Newburgh hosts Drug Treatment Court Graduation

By Katelyn Cordero
Posted 5/22/19

Newburgh Courtroom one was filled with leaders in the Orange County Community and friends and family ready to support the five individuals graduating from Drug Treatment Court on May 15. One by one …

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Newburgh hosts Drug Treatment Court Graduation

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Newburgh Courtroom one was filled with leaders in the Orange County Community and friends and family ready to support the five individuals graduating from Drug Treatment Court on May 15. One by one graduates of the program made their way to the front of the courtroom to receive their certificates and for some their one year sobriety chips.

For Michael Cross this program was the change he need in his life to steer him in the right direction. The veteran was arrested a year ago on his birthday for driving while intoxicated.

“I had gotten away with it for years, this was the first and last time that I got caught,” said Cross.

When Cross was arrested and brought to the New Windsor Police Department, he was released on his own recognizance, when he met with his court appointed lawyer that gave him his options, one of those was to go to Drug Treatment Court, where he would take part in the year long program to recovery. There he would meet weekly with a team, including Judge Williams and Linsday Fruscianti, DTC Coordinator.

The Newburgh City Drug Treatment Court program is a special part of the Newburgh City Court, that gives non-violent misdemeanor offenders and veterans with a history of substance abuse a second chance. They must be willing to participate in the program, where at graduation their charges will be dismissed or reduced.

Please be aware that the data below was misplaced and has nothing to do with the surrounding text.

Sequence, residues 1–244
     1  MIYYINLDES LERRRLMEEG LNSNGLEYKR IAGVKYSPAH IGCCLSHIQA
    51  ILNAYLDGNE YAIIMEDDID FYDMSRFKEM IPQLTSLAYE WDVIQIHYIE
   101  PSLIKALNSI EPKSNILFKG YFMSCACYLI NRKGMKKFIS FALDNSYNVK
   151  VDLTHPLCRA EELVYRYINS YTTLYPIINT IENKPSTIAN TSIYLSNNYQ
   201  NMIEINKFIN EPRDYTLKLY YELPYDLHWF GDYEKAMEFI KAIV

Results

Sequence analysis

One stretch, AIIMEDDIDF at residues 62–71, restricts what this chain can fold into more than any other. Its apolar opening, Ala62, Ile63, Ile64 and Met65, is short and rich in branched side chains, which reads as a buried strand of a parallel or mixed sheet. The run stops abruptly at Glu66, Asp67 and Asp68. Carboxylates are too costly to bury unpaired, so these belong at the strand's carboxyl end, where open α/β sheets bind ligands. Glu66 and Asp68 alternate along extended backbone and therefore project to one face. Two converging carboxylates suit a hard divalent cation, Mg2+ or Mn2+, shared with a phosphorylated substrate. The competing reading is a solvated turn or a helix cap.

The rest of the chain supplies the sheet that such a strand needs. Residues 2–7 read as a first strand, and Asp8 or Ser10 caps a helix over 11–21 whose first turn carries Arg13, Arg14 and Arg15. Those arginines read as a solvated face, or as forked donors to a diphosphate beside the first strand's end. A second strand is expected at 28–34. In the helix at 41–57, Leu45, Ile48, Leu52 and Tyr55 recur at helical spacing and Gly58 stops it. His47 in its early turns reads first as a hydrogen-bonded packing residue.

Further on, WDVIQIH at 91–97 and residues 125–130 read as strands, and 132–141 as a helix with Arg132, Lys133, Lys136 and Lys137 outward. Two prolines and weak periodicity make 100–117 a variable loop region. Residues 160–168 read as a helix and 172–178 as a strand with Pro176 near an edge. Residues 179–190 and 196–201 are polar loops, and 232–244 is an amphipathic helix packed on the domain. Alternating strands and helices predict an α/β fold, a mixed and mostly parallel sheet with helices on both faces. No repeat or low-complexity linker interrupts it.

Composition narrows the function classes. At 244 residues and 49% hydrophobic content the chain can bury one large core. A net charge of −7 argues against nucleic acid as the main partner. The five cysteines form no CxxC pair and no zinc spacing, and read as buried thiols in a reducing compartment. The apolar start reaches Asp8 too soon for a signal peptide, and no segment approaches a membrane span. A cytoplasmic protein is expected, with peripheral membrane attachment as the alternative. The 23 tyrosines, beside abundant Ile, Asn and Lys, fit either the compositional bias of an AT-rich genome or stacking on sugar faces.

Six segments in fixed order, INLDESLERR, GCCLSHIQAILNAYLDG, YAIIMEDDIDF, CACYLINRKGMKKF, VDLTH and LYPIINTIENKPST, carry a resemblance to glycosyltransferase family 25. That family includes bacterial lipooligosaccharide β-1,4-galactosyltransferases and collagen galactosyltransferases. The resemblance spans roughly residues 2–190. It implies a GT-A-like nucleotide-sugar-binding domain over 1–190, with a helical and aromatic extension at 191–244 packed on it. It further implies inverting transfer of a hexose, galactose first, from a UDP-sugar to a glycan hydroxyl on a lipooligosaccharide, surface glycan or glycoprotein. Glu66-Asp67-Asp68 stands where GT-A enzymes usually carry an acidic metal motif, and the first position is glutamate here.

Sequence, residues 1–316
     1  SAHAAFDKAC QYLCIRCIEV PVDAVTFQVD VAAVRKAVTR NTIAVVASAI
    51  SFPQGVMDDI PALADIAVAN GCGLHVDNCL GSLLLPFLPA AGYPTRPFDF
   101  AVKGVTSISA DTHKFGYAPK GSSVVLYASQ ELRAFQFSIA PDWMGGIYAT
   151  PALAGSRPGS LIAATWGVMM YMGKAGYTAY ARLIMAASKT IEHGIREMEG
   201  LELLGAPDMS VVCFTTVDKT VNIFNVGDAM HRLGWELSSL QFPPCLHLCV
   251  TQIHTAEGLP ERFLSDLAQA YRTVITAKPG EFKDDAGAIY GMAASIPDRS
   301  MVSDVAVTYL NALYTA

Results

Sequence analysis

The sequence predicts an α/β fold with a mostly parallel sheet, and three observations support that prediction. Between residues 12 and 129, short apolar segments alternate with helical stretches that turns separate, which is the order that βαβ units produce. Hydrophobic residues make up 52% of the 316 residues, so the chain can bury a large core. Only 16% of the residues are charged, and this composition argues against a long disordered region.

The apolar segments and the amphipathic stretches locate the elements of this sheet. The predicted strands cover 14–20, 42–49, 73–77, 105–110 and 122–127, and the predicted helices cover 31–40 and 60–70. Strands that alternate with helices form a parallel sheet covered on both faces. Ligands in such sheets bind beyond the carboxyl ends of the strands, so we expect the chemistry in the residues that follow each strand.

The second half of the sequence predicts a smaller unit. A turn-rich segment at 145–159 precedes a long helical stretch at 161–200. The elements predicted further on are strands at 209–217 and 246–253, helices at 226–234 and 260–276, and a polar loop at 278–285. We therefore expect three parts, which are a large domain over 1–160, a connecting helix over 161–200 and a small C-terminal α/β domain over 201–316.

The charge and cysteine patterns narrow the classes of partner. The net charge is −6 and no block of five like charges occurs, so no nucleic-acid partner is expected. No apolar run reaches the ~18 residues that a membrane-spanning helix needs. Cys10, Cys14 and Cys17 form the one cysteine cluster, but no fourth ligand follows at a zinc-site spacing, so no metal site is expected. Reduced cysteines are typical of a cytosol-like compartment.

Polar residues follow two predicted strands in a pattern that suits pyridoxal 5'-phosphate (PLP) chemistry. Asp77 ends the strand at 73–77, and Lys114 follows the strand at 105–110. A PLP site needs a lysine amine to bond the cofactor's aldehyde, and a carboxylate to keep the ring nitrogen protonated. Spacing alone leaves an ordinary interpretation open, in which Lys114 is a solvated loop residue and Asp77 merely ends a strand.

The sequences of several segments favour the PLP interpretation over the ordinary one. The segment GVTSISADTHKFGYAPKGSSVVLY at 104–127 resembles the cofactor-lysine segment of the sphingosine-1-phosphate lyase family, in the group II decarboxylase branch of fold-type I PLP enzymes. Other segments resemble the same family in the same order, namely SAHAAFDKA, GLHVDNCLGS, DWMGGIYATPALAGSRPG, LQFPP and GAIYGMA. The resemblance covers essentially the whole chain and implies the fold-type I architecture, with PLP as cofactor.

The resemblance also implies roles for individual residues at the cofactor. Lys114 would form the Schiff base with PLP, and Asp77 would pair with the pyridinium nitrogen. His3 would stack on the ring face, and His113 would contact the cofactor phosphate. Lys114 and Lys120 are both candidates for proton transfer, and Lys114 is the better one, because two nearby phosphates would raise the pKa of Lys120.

The court is run by Judge E. Loren Williams who learned through DTC training to treat the whole person rather than just the crime.

“In Drug Treatment Court the idea is different. Usually, the person will plea and is found guilty, in drug treatment court we try to treat the person,” said Williams. “We are slowly trying to change the culture surrounding incarceration. We’ve come to learn that if you put a person in jail with no treatment they don’t lose their desire to use. In our court, the crime is dismissed or reduced in the end but you end up with a better person that is a productive member of society, and you save money by keeping them out of prison.”

When looking at who to accept for his program Williams looks for participants with a willingness to complete the year-long program. He has been pleasantly surprised through the years with some participants he didn’t anticipate to complete the program coming out successful and optimistic for their future.

Michael Cross was one the successful participants Cross was able to graduate from his program. Cross turned to alcohol when he was young serving in the military. The veteran used drinking as a crutch to get through the things he saw as a young man in the military.

He had this crutch for years but it wasn’t until his birthday that he would get caught by the New Windsor Police Department driving from a bar to get Chicken and Waffles down the road.

“Four dollars could have saved me from all of this, I never even made it to get my chicken and waffles,” said Cross. “When they tested me I was two times over the legal driving limit. I got away with it for years, my drinking started when I went into the armed forces. It wasn’t my first time drinking while driving, it was the first time I got caught.”

Cross is grateful for the Drug Court Program, if he never ended up in the program he would have never pushed himself to get sober. In the program, he was able to earn his one year sobriety chip and got married to his wife by Judge Williams.

“Now is where the difficult part starts, I’m done with this chapter but I have a ways to go,” said Cross. “The hard part now will be staying on the right track without DTC on my back making sure I do the right thing.”

Two of the five graduates were Michael Cross and Adrianna Donnolly. Other graduates have plans to open businesses of their own, and jobs lined up to continue on the right track.

“We came together to produce certain results and that is to show someone that they can do it. I ask critics of this program, what do we expect when we just put people back in jail? We should expect the person to re-offend if we don’t teach them how to make better decisions,” said Williams. “All that happens here is we as a community come together and help a person that is willing to make a change.”

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